[blockquote]It’s incredibly difficult and challenging when the necessity of care is one-sided or when the body is in pain and vulnerable in a way the other isn’t

Installation View at Kunstverein Braunschweig


Leah Lakhsmi Piepzna-Samarasinha details the many ways in which disabled people have organized, built communities and carewebs with power and brilliance in her book Care Work: Dreaming Disability Justice (2018). For example, Loree Erickson, a self proclaimed queer femme gimp porn star academic, created a care collective where interdependent care is the core philosophy. For the past fifteen years her care-collective has included disabled and non-disabled friends who work shifts and help her with her personal needs.

As Erickson explains in Care Work her care collective became a more explicitly political space: “It was more like mobilizing a community. I was meeting new people, I was connecting with folks, and I started to see the ways that collective care functions as anti-ableism training for folks.”

In Other Forms of Conviviality by Park McArthur and Constantina Zavitsanos, a text and score published in Women & Performance (2013), the artists draw on both the slippery necessities and intimacies of care labor as events of incommensurability. In the 2021 Spring Cycle of Wxtch Craft, co-presented by KABK Studium Generale and Casco Art Institute: Working for the Commons, Mia Mingus spoke about access intimacy, an “elusive, hard-to-describe feeling when someone else gets your access needs” and a sense of “comfort that your disabled self feels. ”This kind of intimacy, considered by Mingus and many from disability communities as ‘the missing link’ between structural limitations of access and community building, paves the way for interdependent connections as opposed to isolating, individual circumstances. Mingus emphasises that access intimacy needs to be cultivated because interdependence is often romanticized: “we all need each other” or “we’re all connected.”. It’s incredibly difficult and challenging when the necessity of care is one-sided or when the body is in pain and vulnerable in a way the other isn’t. In Capitalism and Disability, Marta Russel outlines the need to build unity against the divisive tendencies which hide the common economic interest shared between disabled people and the often highly-exploited direct care workers.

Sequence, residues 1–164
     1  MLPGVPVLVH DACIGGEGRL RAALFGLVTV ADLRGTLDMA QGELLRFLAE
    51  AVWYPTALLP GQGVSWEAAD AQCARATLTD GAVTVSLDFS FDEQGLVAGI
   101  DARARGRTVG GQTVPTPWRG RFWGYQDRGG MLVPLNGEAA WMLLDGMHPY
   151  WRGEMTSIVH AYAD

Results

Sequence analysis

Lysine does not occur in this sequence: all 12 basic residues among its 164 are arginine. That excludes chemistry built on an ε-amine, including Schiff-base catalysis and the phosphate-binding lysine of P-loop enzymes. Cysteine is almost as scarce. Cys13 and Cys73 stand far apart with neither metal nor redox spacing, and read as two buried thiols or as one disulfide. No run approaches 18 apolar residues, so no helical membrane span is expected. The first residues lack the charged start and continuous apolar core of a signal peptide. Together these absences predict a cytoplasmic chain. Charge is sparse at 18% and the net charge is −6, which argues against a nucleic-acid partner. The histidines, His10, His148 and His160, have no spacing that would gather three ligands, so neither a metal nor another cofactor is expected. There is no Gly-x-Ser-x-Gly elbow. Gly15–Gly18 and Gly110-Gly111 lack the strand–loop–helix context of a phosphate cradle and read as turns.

Disability Justice, like other anti-violence frameworks, takes time and time is what we’ve got

Courtesy the artist and Kunstverein Braunschweig. Photo: Stefan Stark

Carolyn Lazard

Art and culture can be the place where accessibility is reimagined and practiced beyond diversity, equity, inclusion, and access frameworks that are often based on state intervention, legal compliance, and adjudication. Instead, accessibility in the arts can be in support of justice, interdependence, liberation, and intimacy. We find that this produces an aesthetic and poetic register of mixed-ability and abundance that forms new ways of being together. We need to look at access not as something incidental or inconvenient that needs to be fixed, but as part of the entrance to an event or artwork. For as much as we articulate accessibility in the arts here, we want to mention how often disabled people and the reality of disability are left out of activism and movement organizing.

We wish to bring forth another terminology from Mia Mingus that can help us in our efforts: ‘Liberatory access’ is thinking beyond ramps, sign language interpretation, or simply ‘accommodation.’ It is a kind of access that is done in the “service of justice, connection, community and love.” It is the kind of access that is built into event planning and organizing and is not an afterthought. It is radically different from performing diversity and inclusion. Just like there is no such thing as a ‘safe space,’ there will be no completely accessible space but there can be skills and tools to create safer and more accessible spaces. Since art and media too have their own material possibilities, capacities and limits, creative approaches to accessibility can be generative from an anti-ableist point of view.